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dc.contributor.advisorDhaliwal, Dan S.en_US
dc.contributor.authorFisher, Lance
dc.creatorFisher, Lanceen_US
dc.date.accessioned2011-12-06T14:07:38Z
dc.date.available2011-12-06T14:07:38Z
dc.date.issued2007en_US
dc.identifier.urihttp://hdl.handle.net/10150/195797
dc.description.abstractIn this dissertation, I investigate whether corporate governance affects the negative association between investment and future excess returns. Shareholders are concerned with the effectiveness of the firm's governance regime as a tool to reduce agency costs. In the absence of strong control over firm assets, managers may choose to invest in value-decreasing projects. The probability that managers select value-decreasing projects is an increasing (decreasing) function in investment activity (governance regime). At the time of investment, the capital market prices expected returns to the investment activity conditioned on the governance regime in place. This study examines future risk-adjusted returns to investment activities conditioned on low and high governance regimes. If the market correctly prices the governance environment and the expected returns to expenditures at time t, there should be no future risk-adjusted returns to either governance or expenditure information. I find that for firms with low external monitoring, and separately, for firms with high shareholder rights, lower (higher) investment activity results in positive (negative) future risk-adjusted returns. Implementing a trading strategy which holds low investment firms and shorts high investment firms results in 7.1% and 5.6% annual risk-adjusted returns when conditioned on low institutional holdings and high shareholder right, respectively. This study also provides preliminary evidence that outside blockholder and activist ownership is effective in mitigating the negative association between investment activity and future excess returns through the shareholder rights mechanism. Finally, I provide evidence that the diversification discount associated with multi-segment firms is generally invariant to investment activity levels.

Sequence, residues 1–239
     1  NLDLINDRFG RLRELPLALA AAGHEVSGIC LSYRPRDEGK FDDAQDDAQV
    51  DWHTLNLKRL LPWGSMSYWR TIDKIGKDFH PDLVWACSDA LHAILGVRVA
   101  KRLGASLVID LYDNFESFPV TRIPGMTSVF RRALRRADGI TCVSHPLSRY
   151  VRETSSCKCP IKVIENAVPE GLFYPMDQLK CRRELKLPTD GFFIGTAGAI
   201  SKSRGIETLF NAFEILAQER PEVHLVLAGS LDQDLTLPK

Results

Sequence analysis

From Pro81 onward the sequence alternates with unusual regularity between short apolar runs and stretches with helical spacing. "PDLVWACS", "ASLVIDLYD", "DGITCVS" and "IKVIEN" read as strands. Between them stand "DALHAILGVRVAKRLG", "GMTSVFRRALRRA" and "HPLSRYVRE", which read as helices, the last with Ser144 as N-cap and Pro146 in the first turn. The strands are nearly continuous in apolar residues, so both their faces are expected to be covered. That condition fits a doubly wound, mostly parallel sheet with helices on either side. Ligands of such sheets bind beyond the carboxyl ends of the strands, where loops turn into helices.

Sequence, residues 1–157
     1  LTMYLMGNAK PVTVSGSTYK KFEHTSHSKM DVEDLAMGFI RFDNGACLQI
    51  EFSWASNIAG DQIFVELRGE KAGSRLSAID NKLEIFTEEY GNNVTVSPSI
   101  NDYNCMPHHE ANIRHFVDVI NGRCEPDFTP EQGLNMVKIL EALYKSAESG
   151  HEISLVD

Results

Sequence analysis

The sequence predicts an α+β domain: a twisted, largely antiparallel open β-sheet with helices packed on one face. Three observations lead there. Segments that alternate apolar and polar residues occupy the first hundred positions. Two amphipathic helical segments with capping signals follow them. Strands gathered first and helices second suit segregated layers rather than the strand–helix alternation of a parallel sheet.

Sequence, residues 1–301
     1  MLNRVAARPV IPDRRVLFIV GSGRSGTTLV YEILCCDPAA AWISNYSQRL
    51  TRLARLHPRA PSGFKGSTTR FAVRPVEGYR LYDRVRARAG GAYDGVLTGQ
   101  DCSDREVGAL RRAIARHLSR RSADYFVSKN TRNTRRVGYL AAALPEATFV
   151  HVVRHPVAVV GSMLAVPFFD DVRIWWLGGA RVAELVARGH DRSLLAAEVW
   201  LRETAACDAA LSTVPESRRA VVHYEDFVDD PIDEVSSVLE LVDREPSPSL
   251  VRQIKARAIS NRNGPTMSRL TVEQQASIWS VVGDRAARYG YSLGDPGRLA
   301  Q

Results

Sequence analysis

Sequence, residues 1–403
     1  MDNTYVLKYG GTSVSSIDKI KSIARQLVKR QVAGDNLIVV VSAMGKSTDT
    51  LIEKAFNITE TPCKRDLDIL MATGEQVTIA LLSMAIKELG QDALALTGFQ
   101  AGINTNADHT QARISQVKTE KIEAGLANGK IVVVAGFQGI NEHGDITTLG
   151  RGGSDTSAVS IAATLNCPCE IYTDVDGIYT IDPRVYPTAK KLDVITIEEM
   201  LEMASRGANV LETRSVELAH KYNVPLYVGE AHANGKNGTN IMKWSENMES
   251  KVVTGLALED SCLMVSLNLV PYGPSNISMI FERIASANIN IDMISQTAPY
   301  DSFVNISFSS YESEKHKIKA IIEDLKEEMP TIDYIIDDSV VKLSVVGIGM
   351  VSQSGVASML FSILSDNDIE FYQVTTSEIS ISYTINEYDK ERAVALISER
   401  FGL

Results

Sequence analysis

dc.language.isoENen_US
dc.publisherThe University of Arizona.en_US
dc.rightsCopyright © is held by the author. Digital access to this material is made possible by the University Libraries, University of Arizona. Further transmission, reproduction or presentation (such as public display or performance) of protected items is prohibited except with permission of the author.en_US
dc.subjectCorporate governanceen_US
dc.subjectinvestment activityen_US
dc.subjectfuture excess returnsen_US
dc.subjectinstitutional ownersen_US
dc.subjectshareholder rightsen_US
dc.subjectactivist and blockholder ownersen_US
dc.titleCorporate Governance, Investment Activity and Future Excess Returnsen_US
dc.typetexten_US
dc.typeElectronic Dissertationen_US
dc.contributor.chairDhaliwal, Dan S.en_US
dc.identifier.oclc659747134en_US
thesis.degree.grantorUniversity of Arizonaen_US
thesis.degree.leveldoctoralen_US
dc.contributor.committeememberBens, Danielen_US
dc.contributor.committeememberTrombley, Marken_US
dc.contributor.committeememberYao, Tongen_US
dc.identifier.proquest2055en_US
thesis.degree.disciplineAccountingen_US
thesis.degree.disciplineGraduate Collegeen_US
thesis.degree.namePhDen_US
refterms.dateFOA2018-06-19T07:41:14Z
html.description.abstractIn this dissertation, I investigate whether corporate governance affects the negative association between investment and future excess returns. Shareholders are concerned with the effectiveness of the firm's governance regime as a tool to reduce agency costs. In the absence of strong control over firm assets, managers may choose to invest in value-decreasing projects. The probability that managers select value-decreasing projects is an increasing (decreasing) function in investment activity (governance regime). At the time of investment, the capital market prices expected returns to the investment activity conditioned on the governance regime in place. This study examines future risk-adjusted returns to investment activities conditioned on low and high governance regimes. If the market correctly prices the governance environment and the expected returns to expenditures at time t, there should be no future risk-adjusted returns to either governance or expenditure information. I find that for firms with low external monitoring, and separately, for firms with high shareholder rights, lower (higher) investment activity results in positive (negative) future risk-adjusted returns. Implementing a trading strategy which holds low investment firms and shorts high investment firms results in 7.1% and 5.6% annual risk-adjusted returns when conditioned on low institutional holdings and high shareholder right, respectively. This study also provides preliminary evidence that outside blockholder and activist ownership is effective in mitigating the negative association between investment activity and future excess returns through the shareholder rights mechanism. Finally, I provide evidence that the diversification discount associated with multi-segment firms is generally invariant to investment activity levels.


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